Hong Kong welfare minister rejects temporary unemployment fund
Hong Kong’s welfare minister Law Chi-kwong has rejected demands from labour unions for a HK$15 billion (US$1.93 billion) unemployment fund that will distribute HK$9,000 (US$1,161) per month to unemployed workers for up to six months.
“For setting up a temporary unemployment fund, it is difficult to draw a line for when this scheme should stop,” the minister told a radio programme on Sunday, according to South China Morning Post.
“It would be strange if we halted the scheme after a certain period of time or when the unemployment rate had dropped to a certain percentage point… for every public policy, we need to be fair,” he said.
On Saturday, Law cautioned that unemployment in Hong Kong could surpass 7% after the Lunar New Year holiday, thereby hitting a new 16-year high. He predicted than tens of thousands more workers could be out of work, and noted that it was still too early to forecast when a recovery could happen.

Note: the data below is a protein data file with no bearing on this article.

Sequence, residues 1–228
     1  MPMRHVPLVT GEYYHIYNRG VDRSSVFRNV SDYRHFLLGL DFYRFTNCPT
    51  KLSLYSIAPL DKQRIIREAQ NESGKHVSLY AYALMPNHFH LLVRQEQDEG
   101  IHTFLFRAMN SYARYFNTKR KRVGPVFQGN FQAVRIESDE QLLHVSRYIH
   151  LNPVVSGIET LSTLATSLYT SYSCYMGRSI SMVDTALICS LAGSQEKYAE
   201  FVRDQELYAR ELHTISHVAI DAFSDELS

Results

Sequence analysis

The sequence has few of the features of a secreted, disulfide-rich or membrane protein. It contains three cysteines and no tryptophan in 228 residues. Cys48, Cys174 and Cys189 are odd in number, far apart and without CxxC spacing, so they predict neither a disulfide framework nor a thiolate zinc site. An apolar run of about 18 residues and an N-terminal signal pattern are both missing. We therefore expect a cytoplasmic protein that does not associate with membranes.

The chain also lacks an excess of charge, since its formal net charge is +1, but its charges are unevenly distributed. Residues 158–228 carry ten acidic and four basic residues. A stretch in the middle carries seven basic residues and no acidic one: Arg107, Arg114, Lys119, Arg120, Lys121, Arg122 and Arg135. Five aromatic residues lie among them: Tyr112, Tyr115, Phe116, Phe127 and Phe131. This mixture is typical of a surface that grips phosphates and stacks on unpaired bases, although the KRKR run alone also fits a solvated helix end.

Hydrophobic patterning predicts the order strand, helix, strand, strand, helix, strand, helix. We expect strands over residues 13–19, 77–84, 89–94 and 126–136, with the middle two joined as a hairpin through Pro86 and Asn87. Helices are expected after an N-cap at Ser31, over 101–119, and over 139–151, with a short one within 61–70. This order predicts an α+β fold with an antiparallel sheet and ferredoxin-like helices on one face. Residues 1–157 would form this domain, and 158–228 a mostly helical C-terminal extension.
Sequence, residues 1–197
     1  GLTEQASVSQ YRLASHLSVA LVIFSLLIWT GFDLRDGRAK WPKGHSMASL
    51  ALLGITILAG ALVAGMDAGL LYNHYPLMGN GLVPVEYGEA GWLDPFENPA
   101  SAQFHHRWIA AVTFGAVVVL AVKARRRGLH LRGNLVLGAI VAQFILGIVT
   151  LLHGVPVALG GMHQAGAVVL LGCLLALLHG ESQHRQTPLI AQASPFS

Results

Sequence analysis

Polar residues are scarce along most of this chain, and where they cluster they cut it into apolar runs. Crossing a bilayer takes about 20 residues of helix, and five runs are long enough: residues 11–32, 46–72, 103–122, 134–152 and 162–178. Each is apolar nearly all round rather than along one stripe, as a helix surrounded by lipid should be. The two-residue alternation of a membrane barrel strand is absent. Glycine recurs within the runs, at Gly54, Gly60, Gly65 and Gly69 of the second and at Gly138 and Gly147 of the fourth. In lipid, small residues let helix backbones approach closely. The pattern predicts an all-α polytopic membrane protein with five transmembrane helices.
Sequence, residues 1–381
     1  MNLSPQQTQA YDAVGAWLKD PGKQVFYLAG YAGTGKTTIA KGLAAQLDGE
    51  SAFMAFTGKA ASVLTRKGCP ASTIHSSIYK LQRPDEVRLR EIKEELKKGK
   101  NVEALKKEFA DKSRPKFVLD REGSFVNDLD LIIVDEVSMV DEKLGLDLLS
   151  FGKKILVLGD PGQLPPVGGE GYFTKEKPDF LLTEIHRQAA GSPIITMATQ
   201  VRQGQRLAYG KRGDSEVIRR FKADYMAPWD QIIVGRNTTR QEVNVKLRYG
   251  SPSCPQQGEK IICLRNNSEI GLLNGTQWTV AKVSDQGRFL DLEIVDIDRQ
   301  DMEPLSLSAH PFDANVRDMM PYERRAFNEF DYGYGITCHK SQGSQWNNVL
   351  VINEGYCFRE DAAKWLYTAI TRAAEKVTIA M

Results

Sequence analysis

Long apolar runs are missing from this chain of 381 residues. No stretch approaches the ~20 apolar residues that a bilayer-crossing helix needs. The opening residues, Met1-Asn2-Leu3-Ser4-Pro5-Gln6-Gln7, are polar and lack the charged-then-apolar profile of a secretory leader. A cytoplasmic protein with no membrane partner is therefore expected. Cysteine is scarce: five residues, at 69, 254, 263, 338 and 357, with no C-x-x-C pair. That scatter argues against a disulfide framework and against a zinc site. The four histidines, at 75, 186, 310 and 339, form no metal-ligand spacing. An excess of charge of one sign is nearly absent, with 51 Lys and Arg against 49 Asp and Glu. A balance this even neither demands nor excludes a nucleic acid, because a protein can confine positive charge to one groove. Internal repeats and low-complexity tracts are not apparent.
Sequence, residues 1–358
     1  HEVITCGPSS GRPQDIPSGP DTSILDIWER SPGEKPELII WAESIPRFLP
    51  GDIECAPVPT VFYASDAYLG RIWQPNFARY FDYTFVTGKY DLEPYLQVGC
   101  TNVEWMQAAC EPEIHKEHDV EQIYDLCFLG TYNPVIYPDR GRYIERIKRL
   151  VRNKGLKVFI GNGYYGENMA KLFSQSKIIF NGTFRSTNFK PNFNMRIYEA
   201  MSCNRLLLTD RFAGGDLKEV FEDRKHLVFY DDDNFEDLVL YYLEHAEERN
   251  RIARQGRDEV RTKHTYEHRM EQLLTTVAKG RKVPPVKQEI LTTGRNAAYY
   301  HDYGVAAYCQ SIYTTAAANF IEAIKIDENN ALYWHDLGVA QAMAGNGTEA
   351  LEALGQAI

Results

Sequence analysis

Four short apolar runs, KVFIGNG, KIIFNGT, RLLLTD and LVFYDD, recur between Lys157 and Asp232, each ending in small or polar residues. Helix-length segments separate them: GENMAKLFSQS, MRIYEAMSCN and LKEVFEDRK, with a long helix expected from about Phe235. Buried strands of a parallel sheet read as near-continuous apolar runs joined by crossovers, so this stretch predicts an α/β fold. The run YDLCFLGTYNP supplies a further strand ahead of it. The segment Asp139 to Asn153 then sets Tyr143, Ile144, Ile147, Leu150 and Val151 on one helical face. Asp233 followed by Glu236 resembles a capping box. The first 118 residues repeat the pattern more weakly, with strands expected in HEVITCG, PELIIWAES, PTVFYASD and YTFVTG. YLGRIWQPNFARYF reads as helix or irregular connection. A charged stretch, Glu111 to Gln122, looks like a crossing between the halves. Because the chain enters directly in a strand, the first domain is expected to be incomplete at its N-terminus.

In Q4 last year, Hong Kong’s unemployment rate hit 6.6%, with 245,800 people unemployed. Retail, accommodation and catering were the hardest hit.
In 2003, Hong Kong’s unemployment rate hit 8.5% during the SARS outbreak, which killed 299 people in the city.